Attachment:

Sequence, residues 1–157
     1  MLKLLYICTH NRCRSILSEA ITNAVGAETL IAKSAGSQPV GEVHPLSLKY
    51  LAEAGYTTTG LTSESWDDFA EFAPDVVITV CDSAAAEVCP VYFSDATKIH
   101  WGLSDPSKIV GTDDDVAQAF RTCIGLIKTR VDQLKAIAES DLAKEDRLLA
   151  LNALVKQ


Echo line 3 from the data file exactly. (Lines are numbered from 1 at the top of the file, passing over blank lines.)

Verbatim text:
    51  LAEAGYTTTG LTSESWDDFA EFAPDVVITV CDSAAAEVCP VYFSDATKIH